decoration cut deeply into a pot.
Corrugated: pottery with rows of little indentation on its
Fillet: rope of clay that is coiled on a base to create
the walls of a pot.
Fire Cloud: dark smudge on a pot that was fired outdoors,
caused by a piece of burning fuel touching the pot.
Fired: baked at a high temperature.
clay objects, mass-produced in molds.
Guaco: a paint made by boiling beeweed.
painted arrow leading from the mouth into the chest of an animal
Incised: fine lines scratched through the surface of an
Kaolin: very fine, soft white clay.
stage of dryness at which an unfired pot is no longer malleable.
Line Break: gap left in an encircling line.
Melon Bowl: rounded bowl with thick, vertical ribs.
Mudheads: ceremonial clowns.
Ollas: Spanish for “pots”.
the condition in which air is allowed to reach the pot throughout
the firing process.
mixture of clay and temper.
painted with various colors.
Pueblo: Spanish for “people” or “town.” Now, the
traditional people of the Rio Grande and the Jémez River valleys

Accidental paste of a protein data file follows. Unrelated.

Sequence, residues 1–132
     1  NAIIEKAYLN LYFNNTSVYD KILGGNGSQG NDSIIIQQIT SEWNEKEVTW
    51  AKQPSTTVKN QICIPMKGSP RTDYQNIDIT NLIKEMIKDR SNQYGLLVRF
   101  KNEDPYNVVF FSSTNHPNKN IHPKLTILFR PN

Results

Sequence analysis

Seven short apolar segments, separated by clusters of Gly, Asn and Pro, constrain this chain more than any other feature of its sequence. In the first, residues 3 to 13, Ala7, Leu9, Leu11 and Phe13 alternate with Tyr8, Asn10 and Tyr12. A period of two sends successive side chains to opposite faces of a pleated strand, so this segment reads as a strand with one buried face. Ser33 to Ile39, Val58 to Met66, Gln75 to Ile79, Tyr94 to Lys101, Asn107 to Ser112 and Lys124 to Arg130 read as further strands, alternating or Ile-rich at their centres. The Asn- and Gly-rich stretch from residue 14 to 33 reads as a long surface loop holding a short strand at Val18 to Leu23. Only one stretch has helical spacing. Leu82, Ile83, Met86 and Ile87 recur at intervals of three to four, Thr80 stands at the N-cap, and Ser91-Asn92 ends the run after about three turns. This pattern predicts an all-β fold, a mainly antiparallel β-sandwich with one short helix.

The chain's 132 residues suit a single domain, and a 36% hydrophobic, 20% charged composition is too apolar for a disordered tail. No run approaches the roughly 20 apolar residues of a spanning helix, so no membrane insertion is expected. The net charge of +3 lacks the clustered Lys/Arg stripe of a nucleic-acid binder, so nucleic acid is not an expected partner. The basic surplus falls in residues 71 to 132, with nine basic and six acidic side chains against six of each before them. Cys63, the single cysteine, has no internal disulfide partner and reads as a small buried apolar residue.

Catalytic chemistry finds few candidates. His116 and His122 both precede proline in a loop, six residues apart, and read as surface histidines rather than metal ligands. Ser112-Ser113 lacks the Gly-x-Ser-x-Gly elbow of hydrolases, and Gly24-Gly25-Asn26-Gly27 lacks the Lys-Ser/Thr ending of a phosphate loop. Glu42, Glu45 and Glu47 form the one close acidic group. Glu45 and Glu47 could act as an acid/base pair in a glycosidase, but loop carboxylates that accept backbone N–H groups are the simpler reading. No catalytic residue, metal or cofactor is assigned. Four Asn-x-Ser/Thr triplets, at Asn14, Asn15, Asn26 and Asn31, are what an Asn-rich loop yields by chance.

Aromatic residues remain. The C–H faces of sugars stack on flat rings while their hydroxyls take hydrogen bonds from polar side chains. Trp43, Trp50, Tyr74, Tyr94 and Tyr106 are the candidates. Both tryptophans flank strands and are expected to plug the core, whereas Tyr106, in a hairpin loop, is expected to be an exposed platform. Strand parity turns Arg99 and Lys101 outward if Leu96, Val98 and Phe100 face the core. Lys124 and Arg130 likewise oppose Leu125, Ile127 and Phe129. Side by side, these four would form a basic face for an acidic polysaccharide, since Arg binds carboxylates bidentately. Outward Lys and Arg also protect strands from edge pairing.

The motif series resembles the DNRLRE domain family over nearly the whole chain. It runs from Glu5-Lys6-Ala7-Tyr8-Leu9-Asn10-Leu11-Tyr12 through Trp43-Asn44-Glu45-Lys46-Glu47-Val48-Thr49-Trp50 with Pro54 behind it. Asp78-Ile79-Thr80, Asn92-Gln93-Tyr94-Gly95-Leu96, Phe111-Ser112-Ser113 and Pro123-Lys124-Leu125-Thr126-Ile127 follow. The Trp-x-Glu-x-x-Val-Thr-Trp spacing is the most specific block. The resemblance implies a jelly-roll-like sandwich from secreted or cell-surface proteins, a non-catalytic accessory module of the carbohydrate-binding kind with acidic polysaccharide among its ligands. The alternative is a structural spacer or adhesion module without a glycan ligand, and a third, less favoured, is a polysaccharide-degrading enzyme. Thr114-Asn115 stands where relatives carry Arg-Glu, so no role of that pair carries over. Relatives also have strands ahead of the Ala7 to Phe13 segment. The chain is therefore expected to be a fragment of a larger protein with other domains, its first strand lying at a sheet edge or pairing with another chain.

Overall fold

as well as Laguna, Ácoma, Zuni, and Hopi.
Puki: bowl-shaped object used to support the curved bottom
of a pot.
occurs when oxygen is kept from pottery during firing.
Sgraffito: decoration scraped very shallowly into a pot’s
Sherd: piece of broken pottery; sometimes spelled shard to
reflect the British pronunciation.
Slip: liquid clay applied over a pot to smooth and/or
color it. Some slips have an important chemical reaction with
Smothering: covering the pots with powdered fuel—usually
design element in which a rectangle is divided in half
diagonally and each half is decorated differently.
gritty material added to clay to
prevent a piece from shrinking or breaking as it dries or is
design element consisting of a dot encircled by white space
bordered by a dark color.
Yucca: very fibrous evergreen plant that grows throughout
Southwest, used by some potters as a paintbrush